Friday, March 23, 2007

How can we heal?

There has been much talk at UW Law School about trying to heal and move on from L'Affaire Kaplan. In my own view, certainly one informed by my long friendship and many conversations with Professor Kaplan, he has shown extraordinary restraint while under nearly constant assault for things he has been accused of but did not do. He wrote an extraordinarily gracious statement to our Dean Davis, subsequently publicly released, which repudiated the statements wrongly attributed to him, calling them hateful. He eloquently expressed his understanding of the pain sustained by his students, and by the Hmong people more generally, in the course of their tempestuous history over recent generations in South East Asia and in America, and apologized once again for his part in causing the pain experienced by his students and others. He did his very best to allow for a gracious mutual de-escalation of tensions. He did not, however, violate his own integrity as a scholar or a human being to repudiate his pedagogic commitments or his commitment to treating his students as developing legal professionals capable of learning and growth.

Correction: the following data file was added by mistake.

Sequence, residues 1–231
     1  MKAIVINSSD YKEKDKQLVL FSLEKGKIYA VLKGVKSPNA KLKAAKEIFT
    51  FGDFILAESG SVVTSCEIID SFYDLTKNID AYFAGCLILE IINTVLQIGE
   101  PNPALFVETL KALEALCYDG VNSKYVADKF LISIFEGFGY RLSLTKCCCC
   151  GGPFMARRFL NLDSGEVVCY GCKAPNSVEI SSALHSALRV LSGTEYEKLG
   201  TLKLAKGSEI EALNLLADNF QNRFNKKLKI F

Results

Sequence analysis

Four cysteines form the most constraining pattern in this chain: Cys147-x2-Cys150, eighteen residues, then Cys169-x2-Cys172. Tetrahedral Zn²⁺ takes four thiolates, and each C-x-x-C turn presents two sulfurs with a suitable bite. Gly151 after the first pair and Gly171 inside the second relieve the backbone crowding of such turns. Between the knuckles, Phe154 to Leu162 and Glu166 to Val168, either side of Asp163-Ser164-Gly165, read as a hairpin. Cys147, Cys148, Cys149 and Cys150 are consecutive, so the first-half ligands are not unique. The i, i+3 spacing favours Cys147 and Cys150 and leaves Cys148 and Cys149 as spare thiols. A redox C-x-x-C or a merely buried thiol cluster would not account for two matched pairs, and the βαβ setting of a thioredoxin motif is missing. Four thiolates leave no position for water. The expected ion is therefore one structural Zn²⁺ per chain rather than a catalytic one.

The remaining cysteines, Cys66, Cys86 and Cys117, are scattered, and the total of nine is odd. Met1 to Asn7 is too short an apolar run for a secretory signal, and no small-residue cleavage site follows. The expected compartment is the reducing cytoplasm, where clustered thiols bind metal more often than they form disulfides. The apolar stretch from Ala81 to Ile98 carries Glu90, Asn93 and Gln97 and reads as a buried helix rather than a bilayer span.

Yet this has not been enough for at least some of Len's former Hmong students, some other students at the law school, and others in the Hmong and larger Asian American communities outside our building and our university. One law school student, previously responsible for precipitously circulating a false, reckless, and inflammatory (and potentially libelous) attack on Professor Kaplan and his reputation, chose this week to violate the clear, forward-looking ground rules (observed by all others present) of a recent law school teaching workshop, to renew her ongoing personal attack on Professor Kaplan. (She had not been present either in the February 15 class or in the February 20 meeting between Professor Kaplan and his actual students. One wonders what agenda she is pursuing, and why.) Attacks by other groups continue to come in to the law school and to be posted on web sites receiving international attention. The law school's hope, however well-intentioned, that we could somehow heal and move on without facing up to the realities of what actually happened in Kaplan's class on February 15, has proved vain. As one commentator to this blog has observed, we have been ignoring the elephant in the room. Healing cannot progress while the wounds fester.